Innate Wisdom




 Secular Life




Pain is part of the body's magic. It is the way the body transmits a sign to the brain that something is wrong. - Norman Cousins

Pain can come in all shapes and sizes. The most obvious is physical pain which can come in the form of an achy muscle or joint, for instance. More often than not, this is the body telling us that there may be an injury that requires rest to heal. Pain may remind us of an unrealized splinter, or the fact that we are slouching and should have better posture. Even internal pains are an alert that there may be something significant which requires attention. Basically, pain, in and of itself, is not the main issue. It is our system's means of 'waving a red flag' to get our attention. Like it or not, there is generally a greater purpose to pain, and if we relegate all our efforts to simply relieving the pain, we run the risk of missing the message it is sending.

 We can rest contentedly in our sins and in our stupidities, and anyone who has watched gluttons shoveling down the most exquisite foods as if they did not know what they were eating will admit that we can ignore even pleasure. But pain insists upon being attended to. God whispers to us in our pleasures, speaks in our consciences, but shouts in our pains. It is his megaphone to rouse a deaf world. - C.S. Lewis

Pain is not only a symptom of the physical world, however. People can experience emotional pain through loss or trauma. The grief associated with the loss of a loved one, or the loss of love in general is most certainly a painful experience. The trauma of abuse in any of its abhorrent forms can leave painful scars even years later. The body heals far more quickly than the mind or the heart, but the pain is no less real and no less significant. Once again, though, the pain is a reminder of a lesson to be learned. Buddhists will say that we feel this kind of pain because of our resistance to letting go. When we address that which is painful, we can see it clearly, work through the attachments, then release it. When we let go of the past, it can no longer harm us. We can then move on with a clear head and a light heart.

Another pain that is less discussed, but no less real is a pain of the spirit. Loneliness and feeling disconnected can be a pain as real as any other. Feelings of not having a purpose or worth can be such an intense pain that it can drive some to suicide. When they think they have no other option, this unfortunate act may be the only way to relieve the torture. This can be the most difficult type of pain to help. It is completely internal to the individual feeling it. No matter how much that person may be told otherwise, they remain trapped in their very own personal Hell. The person may actually be loved and appreciated, but their cold fortress is too dark to allow entrance to even the smallest ray of light.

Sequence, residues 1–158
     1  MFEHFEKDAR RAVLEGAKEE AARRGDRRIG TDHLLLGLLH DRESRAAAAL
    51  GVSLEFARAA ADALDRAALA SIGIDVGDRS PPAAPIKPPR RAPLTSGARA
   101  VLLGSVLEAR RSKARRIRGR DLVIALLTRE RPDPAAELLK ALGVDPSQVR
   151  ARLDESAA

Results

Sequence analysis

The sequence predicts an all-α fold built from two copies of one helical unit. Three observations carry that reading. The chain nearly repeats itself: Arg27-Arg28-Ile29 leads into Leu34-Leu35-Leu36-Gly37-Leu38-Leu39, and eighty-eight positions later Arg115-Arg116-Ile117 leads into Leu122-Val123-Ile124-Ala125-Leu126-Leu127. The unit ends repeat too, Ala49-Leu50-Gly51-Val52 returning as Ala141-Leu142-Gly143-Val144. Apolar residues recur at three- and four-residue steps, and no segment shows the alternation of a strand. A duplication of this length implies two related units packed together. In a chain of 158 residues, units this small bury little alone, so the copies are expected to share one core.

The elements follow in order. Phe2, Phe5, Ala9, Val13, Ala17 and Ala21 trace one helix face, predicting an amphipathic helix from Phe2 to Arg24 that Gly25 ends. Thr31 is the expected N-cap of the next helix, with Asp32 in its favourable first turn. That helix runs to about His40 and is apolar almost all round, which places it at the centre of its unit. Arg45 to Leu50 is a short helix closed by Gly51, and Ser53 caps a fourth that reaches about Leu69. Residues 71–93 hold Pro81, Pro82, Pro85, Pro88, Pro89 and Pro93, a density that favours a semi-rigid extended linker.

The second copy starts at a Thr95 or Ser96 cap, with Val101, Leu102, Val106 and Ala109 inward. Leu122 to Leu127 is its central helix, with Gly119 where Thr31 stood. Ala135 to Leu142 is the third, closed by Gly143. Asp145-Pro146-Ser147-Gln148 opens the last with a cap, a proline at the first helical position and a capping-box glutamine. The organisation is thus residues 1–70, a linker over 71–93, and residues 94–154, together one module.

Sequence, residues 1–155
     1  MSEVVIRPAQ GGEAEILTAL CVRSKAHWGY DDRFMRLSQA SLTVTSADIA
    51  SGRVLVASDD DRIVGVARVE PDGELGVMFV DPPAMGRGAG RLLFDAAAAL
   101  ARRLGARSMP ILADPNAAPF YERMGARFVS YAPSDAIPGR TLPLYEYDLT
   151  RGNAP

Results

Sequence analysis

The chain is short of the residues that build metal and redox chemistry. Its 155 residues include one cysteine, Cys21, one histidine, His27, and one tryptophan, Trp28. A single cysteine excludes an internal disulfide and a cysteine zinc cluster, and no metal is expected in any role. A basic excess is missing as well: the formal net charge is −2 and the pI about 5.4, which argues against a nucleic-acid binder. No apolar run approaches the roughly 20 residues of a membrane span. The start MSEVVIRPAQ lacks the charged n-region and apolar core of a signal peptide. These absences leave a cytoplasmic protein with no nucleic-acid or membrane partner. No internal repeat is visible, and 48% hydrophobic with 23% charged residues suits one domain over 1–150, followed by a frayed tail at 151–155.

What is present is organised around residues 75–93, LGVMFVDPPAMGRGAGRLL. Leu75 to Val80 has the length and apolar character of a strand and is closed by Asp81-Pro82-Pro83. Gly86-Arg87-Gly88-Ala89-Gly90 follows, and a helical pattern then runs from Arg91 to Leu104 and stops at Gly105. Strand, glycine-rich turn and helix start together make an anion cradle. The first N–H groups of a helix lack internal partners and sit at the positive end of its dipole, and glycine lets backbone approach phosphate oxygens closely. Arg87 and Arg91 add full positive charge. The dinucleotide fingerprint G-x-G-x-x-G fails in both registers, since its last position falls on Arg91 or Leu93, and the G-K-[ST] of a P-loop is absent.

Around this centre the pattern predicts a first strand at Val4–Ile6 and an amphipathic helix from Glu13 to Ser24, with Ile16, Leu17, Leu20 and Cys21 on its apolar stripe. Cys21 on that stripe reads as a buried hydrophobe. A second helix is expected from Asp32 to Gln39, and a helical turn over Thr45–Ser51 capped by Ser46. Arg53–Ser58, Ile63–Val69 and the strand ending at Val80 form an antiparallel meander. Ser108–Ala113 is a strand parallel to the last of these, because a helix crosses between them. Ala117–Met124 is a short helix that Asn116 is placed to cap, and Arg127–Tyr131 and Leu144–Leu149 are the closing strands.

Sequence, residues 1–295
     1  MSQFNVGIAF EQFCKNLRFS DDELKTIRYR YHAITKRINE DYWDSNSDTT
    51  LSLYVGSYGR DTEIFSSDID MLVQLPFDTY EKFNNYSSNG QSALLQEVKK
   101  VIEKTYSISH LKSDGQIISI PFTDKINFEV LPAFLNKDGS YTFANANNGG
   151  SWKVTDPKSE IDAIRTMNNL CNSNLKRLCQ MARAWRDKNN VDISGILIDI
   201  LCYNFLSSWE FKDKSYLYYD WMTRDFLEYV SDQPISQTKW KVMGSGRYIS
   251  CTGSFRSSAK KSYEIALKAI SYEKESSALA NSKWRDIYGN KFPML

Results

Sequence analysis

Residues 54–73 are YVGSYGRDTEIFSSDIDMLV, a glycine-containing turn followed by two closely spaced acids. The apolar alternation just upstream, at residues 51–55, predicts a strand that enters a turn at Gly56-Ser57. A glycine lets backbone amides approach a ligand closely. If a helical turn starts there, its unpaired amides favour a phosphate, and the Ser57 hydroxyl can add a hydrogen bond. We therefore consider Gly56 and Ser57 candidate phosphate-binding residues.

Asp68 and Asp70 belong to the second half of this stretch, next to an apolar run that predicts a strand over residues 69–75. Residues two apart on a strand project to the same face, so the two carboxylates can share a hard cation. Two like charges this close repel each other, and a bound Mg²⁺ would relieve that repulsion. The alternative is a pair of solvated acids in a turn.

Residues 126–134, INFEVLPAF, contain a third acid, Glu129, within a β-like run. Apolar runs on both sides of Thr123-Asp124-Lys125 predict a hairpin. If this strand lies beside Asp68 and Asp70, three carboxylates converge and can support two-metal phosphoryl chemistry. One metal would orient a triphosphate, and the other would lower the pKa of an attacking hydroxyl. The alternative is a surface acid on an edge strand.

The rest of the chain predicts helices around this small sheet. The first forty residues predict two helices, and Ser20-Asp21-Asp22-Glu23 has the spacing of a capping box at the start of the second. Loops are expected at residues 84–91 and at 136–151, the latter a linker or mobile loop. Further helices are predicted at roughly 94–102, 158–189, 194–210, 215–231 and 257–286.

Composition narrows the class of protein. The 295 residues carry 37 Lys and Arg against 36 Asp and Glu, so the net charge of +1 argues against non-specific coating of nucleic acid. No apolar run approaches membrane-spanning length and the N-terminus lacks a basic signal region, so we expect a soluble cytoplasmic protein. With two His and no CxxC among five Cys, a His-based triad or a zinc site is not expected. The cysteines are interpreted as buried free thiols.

The only salvation from this nightmare is to give oneself over to a greater purpose. Basically, the reasoning goes, "I might be worthless, but if I can help someone else, even a little bit, then I have a reason for living." This direction has been shown to help rehabilitate even the most hardened criminals. Studies have shown that when maximum security inmates were given responsibility for the health and well-being of small animals (puppies, rabbits, etc), their entire demeanor changed. Someone was relying on them, so they had to be responsible. Ultimately, this gave them a reason for being, and on a very real level allowed them to experience love. 

It is truly love that cures the pain. Whether it is Androcles removing the thorn from the lion's paw, or inmates hugging bunnies, love opens our hearts to the Greater Good. When we realize that we are only a part in a bigger puzzle, we can remove the attachments that cause suffering. Our pain can then be our guideposts rather than our guillotine. 

 If you are visited by pain, examine your conduct. - Talmud

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